Difference between organic and natural cosmetics?
We must differentiate between organic & natural cosmetics. Natural cosmetics contain natural ingredients but may also contain synthetic ingredients. It may also contain ingredients not authorized by the organic cosmetic charters. Thus, a natural product may contain 95% of natural ingredients but 5% of controversial ingredients such as phenoxyethanol or parabens, silicones or PEGs.
An organic cosmetic is by definition a cosmetic made of natural ingredients to which a minimum percentage of ingredients grown according to the principles of organic agriculture is imposed. This percentage may change from one certification to another and the charters are more or less strict. An organic cosmetic is therefore a natural cosmetic, which goes even further in the search for naturalness with the integration of organic ingredients in its composition.
Apart from the composition, organic cosmetics favors as much as possible a manufacturing method that respects humans & the environment: dangerous and polluting ingredients are banned. In terms of ecology, organic cosmetics will not use non-renewable resources such as petroleum (and plastic derivatives) to create its products.
Organic cosmetics = more “real” for the consumer
The standards of the organic cosmetic charters being stricter than in natural cosmetics, and even more so than in conventional cosmetics, the manufacturers of organic cosmetics focus on useful ingredients. You will often find in organic cosmetic products vegetable oils, plant extracts, essential oils, or hydrosols.
When a conventional cosmetic uses water in its formulations, an organic cosmetic generally uses hydrosol. Also, when a conventional cosmetic uses petroleum derivatives to form a protective film on the skin (silicones, mineral oils such as kerosene), an organic cosmetic uses natural ingredients more useful for the skin: vegetable butters and oils, beeswax or vegetable wax, aloe vera gel. Thus, the ingredients used in organic cosmetics are more expensive but with more benefits for the skin.
In conventional cosmetics, emulsifiers (which bind the aqueous phase and the oily phase together) are generally PEG (extremely polluting plastic derivatives). On the other hand, in organic cosmetics, emulsifiers are of natural and vegetable origin (sugar esters for example).
Organic cosmetics without any labels?
With the advent of organic cosmetics in recent years, greenwashing is becoming more and more present. Many brands do not hesitate to play on words, even if it means confusing the consumers. To make your choice, we advise you to trust the many certifying labels that exist.
At Ayda, we have several certifications :
- Cosmos Organic and Slow Cosmetics for all our products
- Nature & Progrès for our soaps and solid shampoos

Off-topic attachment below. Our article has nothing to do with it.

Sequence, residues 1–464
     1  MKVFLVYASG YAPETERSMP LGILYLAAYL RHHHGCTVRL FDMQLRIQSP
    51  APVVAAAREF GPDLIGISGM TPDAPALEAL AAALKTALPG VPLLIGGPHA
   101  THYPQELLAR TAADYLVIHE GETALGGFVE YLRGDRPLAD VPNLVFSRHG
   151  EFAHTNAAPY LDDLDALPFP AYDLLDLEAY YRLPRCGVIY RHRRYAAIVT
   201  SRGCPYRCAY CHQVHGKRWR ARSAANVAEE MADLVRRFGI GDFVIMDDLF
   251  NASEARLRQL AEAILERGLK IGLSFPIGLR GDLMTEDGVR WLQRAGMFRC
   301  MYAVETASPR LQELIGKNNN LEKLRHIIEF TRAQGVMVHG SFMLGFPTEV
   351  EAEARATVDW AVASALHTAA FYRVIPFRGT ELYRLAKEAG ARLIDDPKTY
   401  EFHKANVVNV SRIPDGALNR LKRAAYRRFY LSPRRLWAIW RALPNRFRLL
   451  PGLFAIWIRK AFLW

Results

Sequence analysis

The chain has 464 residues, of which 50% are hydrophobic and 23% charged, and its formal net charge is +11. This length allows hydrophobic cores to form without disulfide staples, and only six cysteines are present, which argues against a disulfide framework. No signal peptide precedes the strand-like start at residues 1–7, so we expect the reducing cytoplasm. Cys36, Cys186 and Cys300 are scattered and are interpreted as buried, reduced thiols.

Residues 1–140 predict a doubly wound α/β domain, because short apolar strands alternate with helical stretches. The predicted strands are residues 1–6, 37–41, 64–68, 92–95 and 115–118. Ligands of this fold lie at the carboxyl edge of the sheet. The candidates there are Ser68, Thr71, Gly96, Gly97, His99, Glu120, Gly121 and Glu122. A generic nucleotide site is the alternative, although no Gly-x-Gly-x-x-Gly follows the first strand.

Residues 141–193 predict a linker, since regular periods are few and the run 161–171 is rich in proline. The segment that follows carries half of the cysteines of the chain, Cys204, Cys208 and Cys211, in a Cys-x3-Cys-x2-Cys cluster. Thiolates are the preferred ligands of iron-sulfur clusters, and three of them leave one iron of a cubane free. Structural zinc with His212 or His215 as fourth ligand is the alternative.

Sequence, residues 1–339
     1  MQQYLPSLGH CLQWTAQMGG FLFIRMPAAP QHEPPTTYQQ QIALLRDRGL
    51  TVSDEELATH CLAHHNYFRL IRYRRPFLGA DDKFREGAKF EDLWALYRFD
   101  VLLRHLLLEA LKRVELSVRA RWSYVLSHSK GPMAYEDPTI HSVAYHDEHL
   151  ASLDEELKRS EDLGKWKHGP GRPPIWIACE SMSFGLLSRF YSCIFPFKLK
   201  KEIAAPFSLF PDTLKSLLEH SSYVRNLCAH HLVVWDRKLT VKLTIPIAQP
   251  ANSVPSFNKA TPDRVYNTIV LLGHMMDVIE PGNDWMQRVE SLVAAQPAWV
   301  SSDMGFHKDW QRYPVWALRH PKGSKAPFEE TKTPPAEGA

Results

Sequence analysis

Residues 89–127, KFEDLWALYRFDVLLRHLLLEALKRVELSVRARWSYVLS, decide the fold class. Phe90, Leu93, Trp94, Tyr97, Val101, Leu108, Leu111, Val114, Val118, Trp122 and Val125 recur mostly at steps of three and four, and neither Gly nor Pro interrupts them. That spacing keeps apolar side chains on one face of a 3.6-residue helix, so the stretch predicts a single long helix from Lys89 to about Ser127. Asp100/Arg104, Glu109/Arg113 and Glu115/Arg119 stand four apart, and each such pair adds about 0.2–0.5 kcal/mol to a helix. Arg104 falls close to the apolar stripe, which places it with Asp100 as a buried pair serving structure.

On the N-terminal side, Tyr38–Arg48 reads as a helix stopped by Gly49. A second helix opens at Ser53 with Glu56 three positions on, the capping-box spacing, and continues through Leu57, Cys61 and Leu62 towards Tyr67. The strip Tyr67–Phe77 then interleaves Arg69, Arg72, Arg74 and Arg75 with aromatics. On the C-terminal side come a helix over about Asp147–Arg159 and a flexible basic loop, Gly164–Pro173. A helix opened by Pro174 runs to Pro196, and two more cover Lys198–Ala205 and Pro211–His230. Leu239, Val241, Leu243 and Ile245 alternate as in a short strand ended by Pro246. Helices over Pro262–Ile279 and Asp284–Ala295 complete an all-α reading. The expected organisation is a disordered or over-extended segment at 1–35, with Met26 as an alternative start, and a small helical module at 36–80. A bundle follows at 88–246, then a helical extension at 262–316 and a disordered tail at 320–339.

As a certified brand, we offer you the best possible products, associated with the know-how of French cosmetics. We guarantee this thanks to the recurrent controls of our entire production chain carried out by independent and qualified auditors. Thus, the auditors control the packaging unit, the producers of the ingredients used, the packaging elements and also the labeling. In addition, we participate in the development of the organic farming sector.
List of organic labels to trust
Each certifier has its own charter and its own specifications. For example, there may be differences in the minimum percentage of natural and organic ingredients. Also, the manufacturing methods or the list of non-authorized ingredients are different between the charters.
The two most famous certifiers are Ecocert and Cosmecert. For example, most of our products (such as prickly pear oil) are certified by Ecocert.
In addition, to obtain the Cosmos organic label, the product must contain at least 95% natural ingredients or ingredients of natural origin (water and minerals are considered natural). Also, the cosmetic product must contain at least :
- 95% of plant-based ingredients from Organic Agriculture
- 20% of the total ingredients from Organic Agriculture (excluding water and minerals, which are not certifiable) and 10% for rinse-off products
For the rest, there are other French labels, with other requirements and specificities.
Other organic labels & mentions
The Slow Cosmetics label, for example, is based on 4 pillars, which go beyond the composition of the product. In its charter, it also has a list of prohibited ingredients. But it will also focus on the ethics of the brand and its marketing practices.
The Nature & Progrès label has the strictest specifications.
100% of the plant-based ingredients must be organic and the cosmetic must contain a minimum of 95% of ingredients of natural origin. The cosmetics must not contain ingredients of synthetic origin or synthetic colorants. Also, they must not contain ingredients from petrochemicals, palm oil and derivatives.
There are also other labels in Europe: BDIH (Germany), Natrue (Germany), Soil association (United Kingdom). But also in the United States : USDA organic.
Good to know : A certified organic cosmetic product may contain up to 5% of ingredients of synthetic origin, depending on the label. That is to say obtained by transformation. These ingredients are not harmful. They must be part of the ingredients authorized in the specifications of the certifying bodies.